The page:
Leeds United back in the Premier League after 16-year gap and thousands celebrate in the streets - in pictures

Leeds United back in the Premier League after 16-year gap and thousands celebrate in the streets - in pictures
Leeds United back in the Premier League after 16-year gap and thousands celebrate in the streets - in pictures

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Hind Al Soulia - Riyadh - Leeds United have started their celebrations after sealing promotion to the Premier League for the first time in 16 years.

The Yorkshire club were guaranteed automatic promotion from the Championship after second-placed West Bromwich Albion lost 2-1 at Huddersfield Town on Friday.

Jubilant fans gathered at Elland Road to celebrate the club's return to the top tier of English football, while the players were also in party mode as they danced and saluted supporters from the windows of the stadium.

And videos on social media showed manager Marcelo Bielsa, the inspiration behind the club's resurgence, elbow-bumping fans near his home in Wetherby as they congratulated him.

Homegrown midfielder Kalvin Phillips declared Bielsa the "best manager in the world".

The 24-year-old told BBC Radio Leeds: "There's no manager I would rather be under than Marcelo Bielsa right now.

"At an age when I'm trying to develop, he's the perfect manager to have. The Premier League is the best league in the world and, after 16 years, we're back in there."

Captain Liam Cooper said the club's promotion had "still not properly sunk in".

"Our club, our fans and our players have sacrificed so much - we've been in the doldrums for 16 years," he added.

"To be part of this team and to lead this team to promotion back to where we know we've always belonged is unbelievable."

It has been a long and often tortuous road back for Leeds, who were relegated from the Premier League in 2004 amid a spectacular financial meltdown.

They then spent 13 seasons in the Championship and three in League One after dropping into the third tier for the first time in their history in 2007.

Leeds' debts had spiralled to over £100 million (Dh461m) in 2003 under former chairman Peter Ridsdale and there were fears the club could go out of business.

They were forced to sell all their players and other assets, including Elland Road Stadium and their Thorp Arch academy, and have since stumbled from crisis to crisis under a succession of different owners.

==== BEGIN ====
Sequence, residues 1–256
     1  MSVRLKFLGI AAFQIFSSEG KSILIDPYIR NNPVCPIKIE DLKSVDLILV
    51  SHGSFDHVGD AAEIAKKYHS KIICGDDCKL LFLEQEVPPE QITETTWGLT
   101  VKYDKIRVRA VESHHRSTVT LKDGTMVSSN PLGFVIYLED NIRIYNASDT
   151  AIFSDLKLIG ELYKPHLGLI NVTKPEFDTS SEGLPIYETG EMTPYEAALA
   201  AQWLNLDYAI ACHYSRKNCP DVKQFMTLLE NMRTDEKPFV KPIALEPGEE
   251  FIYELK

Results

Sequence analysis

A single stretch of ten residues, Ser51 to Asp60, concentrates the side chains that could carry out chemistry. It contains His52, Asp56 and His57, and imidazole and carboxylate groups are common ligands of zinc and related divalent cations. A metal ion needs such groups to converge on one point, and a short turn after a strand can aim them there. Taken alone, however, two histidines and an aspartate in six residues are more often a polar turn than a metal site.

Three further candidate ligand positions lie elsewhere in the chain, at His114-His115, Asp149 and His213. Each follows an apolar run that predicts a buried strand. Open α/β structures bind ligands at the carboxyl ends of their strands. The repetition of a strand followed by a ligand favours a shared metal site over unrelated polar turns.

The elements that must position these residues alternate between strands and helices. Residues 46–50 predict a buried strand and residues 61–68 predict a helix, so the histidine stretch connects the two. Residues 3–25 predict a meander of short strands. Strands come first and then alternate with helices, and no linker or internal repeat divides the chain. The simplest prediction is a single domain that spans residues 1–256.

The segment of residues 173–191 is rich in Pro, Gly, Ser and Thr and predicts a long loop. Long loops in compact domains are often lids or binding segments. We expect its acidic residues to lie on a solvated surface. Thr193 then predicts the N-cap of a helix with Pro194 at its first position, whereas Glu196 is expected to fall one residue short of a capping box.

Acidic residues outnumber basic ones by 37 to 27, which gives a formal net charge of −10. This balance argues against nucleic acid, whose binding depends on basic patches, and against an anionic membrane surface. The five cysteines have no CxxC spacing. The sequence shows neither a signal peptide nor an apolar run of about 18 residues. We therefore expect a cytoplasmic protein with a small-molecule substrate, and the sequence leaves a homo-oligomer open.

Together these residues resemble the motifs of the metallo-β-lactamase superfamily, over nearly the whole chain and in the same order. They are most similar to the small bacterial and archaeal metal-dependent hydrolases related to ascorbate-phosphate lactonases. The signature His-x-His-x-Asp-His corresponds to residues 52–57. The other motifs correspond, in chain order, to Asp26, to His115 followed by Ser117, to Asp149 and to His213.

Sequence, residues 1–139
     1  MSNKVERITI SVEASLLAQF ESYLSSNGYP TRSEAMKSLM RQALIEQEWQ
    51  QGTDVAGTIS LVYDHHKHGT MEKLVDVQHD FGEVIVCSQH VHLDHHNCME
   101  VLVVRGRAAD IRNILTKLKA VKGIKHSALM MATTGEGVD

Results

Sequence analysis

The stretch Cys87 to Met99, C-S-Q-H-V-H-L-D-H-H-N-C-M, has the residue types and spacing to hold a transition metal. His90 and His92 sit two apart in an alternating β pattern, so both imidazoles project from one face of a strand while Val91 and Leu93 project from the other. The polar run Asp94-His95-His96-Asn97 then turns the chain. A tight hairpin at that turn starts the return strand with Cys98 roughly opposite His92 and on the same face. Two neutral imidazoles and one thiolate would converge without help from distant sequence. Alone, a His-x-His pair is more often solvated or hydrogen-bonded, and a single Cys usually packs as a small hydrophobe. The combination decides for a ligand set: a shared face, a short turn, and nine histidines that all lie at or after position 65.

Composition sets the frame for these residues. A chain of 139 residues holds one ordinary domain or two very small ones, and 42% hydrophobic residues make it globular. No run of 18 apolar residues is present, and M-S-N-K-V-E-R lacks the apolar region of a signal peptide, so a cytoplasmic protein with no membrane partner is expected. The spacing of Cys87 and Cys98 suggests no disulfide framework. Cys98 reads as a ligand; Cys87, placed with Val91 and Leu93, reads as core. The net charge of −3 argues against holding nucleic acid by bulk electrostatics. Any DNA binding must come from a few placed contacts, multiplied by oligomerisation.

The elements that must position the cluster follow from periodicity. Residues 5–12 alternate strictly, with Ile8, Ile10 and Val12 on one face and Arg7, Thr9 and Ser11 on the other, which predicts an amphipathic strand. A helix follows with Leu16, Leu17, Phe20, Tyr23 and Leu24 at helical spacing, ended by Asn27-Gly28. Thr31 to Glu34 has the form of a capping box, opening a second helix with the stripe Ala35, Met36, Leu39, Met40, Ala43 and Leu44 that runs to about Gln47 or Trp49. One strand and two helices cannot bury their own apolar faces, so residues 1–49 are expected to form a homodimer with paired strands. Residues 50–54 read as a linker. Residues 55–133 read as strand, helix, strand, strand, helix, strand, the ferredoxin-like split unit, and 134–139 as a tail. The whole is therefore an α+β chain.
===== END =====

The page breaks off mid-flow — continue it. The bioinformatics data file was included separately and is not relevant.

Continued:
Leeds went into administration in 2007 under Ken Bates and fared little better under subsequent owners GFH Capital before the arrival of controversial Italian Massimo Cellino.

During Cellino's chaotic three-year ownership Leeds had seven managers, but current owner Andrea Radrizzani bought a 50 per cent stake in Leeds in January 2017 to signal the dawning of a new era.

Radrizzani purchased the remaining 50 per cent from Cellino the following May and Leeds made a bold statement of intent by appointing Bielsa in the summer of 2018.

It was an expensive gamble, but Bielsa proved an instant hit, transforming the same squad he inherited into genuine promotion challengers in his first season.

That ended in disappointment when Leeds fell short in the play-offs, but Bielsa and his players have bounced back.

Leeds have continued to light up the Championship with Bielsa's exciting brand of football and few could begrudge them their place back among the elite.

Former manager Kevin Blackwell, who guided Leeds to the Championship play-off final in 2006, said promotion was "massive" for the club.

"I'm absolutely delighted for them," Blackwell said. "It's something I wish I could have done, but didn't quite manage it.

"Knowing the club, the fans and the expectation, this is massive for them and all credit to Bielsa and his team for getting them over the line. I know how tough it is.

"Leeds United is one of the clubs that every team wants to beat and that's what makes it harder to get out of the Championship, so all credit to the owner, Bielsa and his players.

"Believe me, to win the Championship it is a tough, tough slog and the pressure was really on Leeds this time."

Leeds promotion was also greeted with joy by a host of their former players.

Former goalkeeper Paul Robinson told Sky Sports: "It's been long-awaited and very long overdue. When I played that last game in 2004, 16 years ago, you never envisaged that Leeds United would be out of the top flight for so long, and even dropping to the third tier of English football.

"From what Marcelo Bielsa inherited two-and-a-half-years ago - a team that finished 14th in the Championship - to now automatic promotion to the Premiership, it's absolutely fantastic.

"The biggest thing Leeds did at the end of last season was keep the manager.

"We've heard plaudits from many managers, Pep Guardiola to name one, that name him as a mentor or guru.

"He's an oddball, he's a scientist, he's a professor of the game.

"We've seen that with 'spygate' and everything else that comes with him, but it just all adds to the Leeds United history. Love them or loathe them, they're back in the Premiership."

Updated: July 18, 2020 11:25 AM

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